Zero Emission or a Mission of Impossibility?

San Francisco sits on land of enviable climate and gorgeous views. We are a world class city that people clamor to live here. In a city where there are more dogs than children, people who live here cry out for the need to diversify the population. Many of the population is older retirees or younger single, or young parents with one child. I remember clearly when my husband and I had our second child, we needed a two bedroom and there was no way we could afford one, even as a middle class working family. So we had, with much grief moved out of the area. Four years later we returned having miss greatly our support system, parish, and a way of life we dearly loved in the city. Fortunately for us, Treasure Island opened up and had more affordable two, three, and four bedroom homes on the Island available and we could live there. We have been here for almost twelve years now.

Not everyone is so fortunate as we are. By 2020 San Francisco has a goal as a city to produce zero emissions. What that means is no air pollution from buses, cars, or industry. No garbage to the landfill, zero toxic products being used in government buildings and business in San Francisco (and hopefully by volunteers). All this while at the same time, being able to increase affordable housing for families. While thinking about this, I suddenly had a vision that went something like this.

The Bay Bridge and Golden Gate Bridge had only One lane each open for emergency vehicles and Prior approved delivery trucks which were driven electronically. The rest of the bridges had been turned over to bike riders and walkers who commuted by foot or bike to work or visiting the city or east bay. Personal vehicles were no longer used in the city of San Francisco, not even for politicians. Restaurants abounded everywhere as most people no longer cooked at home and ate out for all their meals. All buildings had businesses on the ground floor and upper floors were for housing. Historical buildings were preserved, but new buildings had been built all over the south part of the city in the old Navel Yard that included several miles of elevated walk paths. San Francisco by 2040 became known not only as a zero emission city, it also was known as the healthiest city.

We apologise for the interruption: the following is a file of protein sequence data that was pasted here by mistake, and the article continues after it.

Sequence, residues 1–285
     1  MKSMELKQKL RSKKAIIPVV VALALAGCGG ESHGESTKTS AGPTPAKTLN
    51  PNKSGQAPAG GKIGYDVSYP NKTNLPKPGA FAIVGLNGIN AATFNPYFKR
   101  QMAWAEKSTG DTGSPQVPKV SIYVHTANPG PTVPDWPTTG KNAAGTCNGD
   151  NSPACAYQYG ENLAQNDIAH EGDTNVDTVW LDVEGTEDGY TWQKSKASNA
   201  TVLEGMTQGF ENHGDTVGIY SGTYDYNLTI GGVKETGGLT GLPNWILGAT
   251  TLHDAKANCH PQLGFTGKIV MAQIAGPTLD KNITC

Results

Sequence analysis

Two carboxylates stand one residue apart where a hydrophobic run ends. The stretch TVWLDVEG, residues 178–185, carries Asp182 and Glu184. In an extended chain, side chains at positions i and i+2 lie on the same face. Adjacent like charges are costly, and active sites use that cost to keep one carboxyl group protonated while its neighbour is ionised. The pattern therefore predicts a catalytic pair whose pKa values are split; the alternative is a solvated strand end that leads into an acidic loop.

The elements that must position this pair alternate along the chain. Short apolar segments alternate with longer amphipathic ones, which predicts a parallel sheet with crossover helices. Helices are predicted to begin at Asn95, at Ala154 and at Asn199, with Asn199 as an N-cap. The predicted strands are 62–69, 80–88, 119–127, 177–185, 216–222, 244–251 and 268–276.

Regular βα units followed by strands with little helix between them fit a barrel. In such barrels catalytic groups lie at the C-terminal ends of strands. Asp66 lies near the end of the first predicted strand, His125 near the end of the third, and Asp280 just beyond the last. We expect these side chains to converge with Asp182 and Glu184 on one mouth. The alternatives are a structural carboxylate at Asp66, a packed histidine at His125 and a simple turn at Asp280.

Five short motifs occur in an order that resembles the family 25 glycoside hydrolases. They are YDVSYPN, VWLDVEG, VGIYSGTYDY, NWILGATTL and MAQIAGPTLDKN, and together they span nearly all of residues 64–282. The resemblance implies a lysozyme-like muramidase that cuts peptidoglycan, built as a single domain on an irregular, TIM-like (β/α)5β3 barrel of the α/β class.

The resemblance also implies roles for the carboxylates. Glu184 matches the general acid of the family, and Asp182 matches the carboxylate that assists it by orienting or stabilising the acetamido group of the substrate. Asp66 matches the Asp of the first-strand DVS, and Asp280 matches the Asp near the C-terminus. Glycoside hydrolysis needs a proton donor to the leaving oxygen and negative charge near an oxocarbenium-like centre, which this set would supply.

So was this a vision of thing to come? Humm more like of things that COULD be done. It would take a lot of power and of course $$. Some I know would ask me, hey what about those who are disabled that can’t use public transit for what ever reason? Being one of those people, I often wondered about that myself. While there were no personal vehicles in the vision that did not mean there were no cars (although they did not look like the gas guzzlers we have now). My guess is people would put in orders for rides and be picked up. Granted it would grate teeth to wait. Trade off is that many things were now being delivered to the house, so shopping was not done by carrying packages home anymore, but secured delivery. People ate out or did take out, so groceries were pretty much a thing of the past. Yes the food was locally grown and in fact many people grew their own and contributed to local kitchens where they ate. If you did have a hankering to cook, there were facilities. All of this was done to conserve energy. By keeping the number of where food was stored in smaller areas, the amount of energy needed for refrigerators was cut down drastically. Eating out became a lot more affordable because people did it so much and unemployment was less than 1% which was primarily those who are severely disabled.

So, what do YOU think?

Nancy Louise

East side of island
Dawn on the East side of Treasure Island looking out to the Bay Bridge and towards Hayward.What can I say, I live here, see why?Hard side of the city.